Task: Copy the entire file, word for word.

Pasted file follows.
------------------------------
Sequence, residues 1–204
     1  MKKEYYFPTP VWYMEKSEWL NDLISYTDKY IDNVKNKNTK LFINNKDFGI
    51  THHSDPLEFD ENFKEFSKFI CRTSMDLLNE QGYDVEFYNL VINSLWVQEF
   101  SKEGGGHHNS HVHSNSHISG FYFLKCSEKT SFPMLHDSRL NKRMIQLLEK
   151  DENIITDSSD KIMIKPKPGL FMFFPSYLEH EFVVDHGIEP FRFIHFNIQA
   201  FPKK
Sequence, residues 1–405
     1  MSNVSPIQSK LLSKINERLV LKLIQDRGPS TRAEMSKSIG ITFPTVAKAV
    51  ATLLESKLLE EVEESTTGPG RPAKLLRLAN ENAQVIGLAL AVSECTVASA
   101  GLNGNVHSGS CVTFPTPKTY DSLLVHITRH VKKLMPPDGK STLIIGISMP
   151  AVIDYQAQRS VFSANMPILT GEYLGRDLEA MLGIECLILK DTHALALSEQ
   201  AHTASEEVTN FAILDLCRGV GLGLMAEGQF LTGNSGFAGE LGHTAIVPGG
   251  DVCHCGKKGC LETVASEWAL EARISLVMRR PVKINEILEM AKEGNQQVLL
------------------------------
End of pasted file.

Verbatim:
Sequence, residues 1–204
     1  MKKEYYFPTP VWYMEKSEWL NDLISYTDKY IDNVKNKNTK LFINNKDFGI
    51  THHSDPLEFD ENFKEFSKFI CRTSMDLLNE QGYDVEFYNL VINSLWVQEF
   101  SKEGGGHHNS HVHSNSHISG FYFLKCSEKT SFPMLHDSRL NKRMIQLLEK
   151  DENIITDSSD KIMIKPKPGL FMFFPSYLEH EFVVDHGIEP FRFIHFNIQA
   201  FPKK
Sequence, residues 1–405
     1  MSNVSPIQSK LLSKINERLV LKLIQDRGPS TRAEMSKSIG ITFPTVAKAV
    51  ATLLESKLLE EVEESTTGPG RPAKLLRLAN ENAQVIGLAL AVSECTVASA
   101  GLNGNVHSGS CVTFPTPKTY DSLLVHITRH VKKLMPPDGK STLIIGISMP
   151  AVIDYQAQRS VFSANMPILT GEYLGRDLEA MLGIECLILK DTHALALSEQ
   201  AHTASEEVTN FAILDLCRGV GLGLMAEGQF LTGNSGFAGE LGHTAIVPGG
   251  DVCHCGKKGC LETVASEWAL EARISLVMRR PVKINEILEM AKEGNQQVLL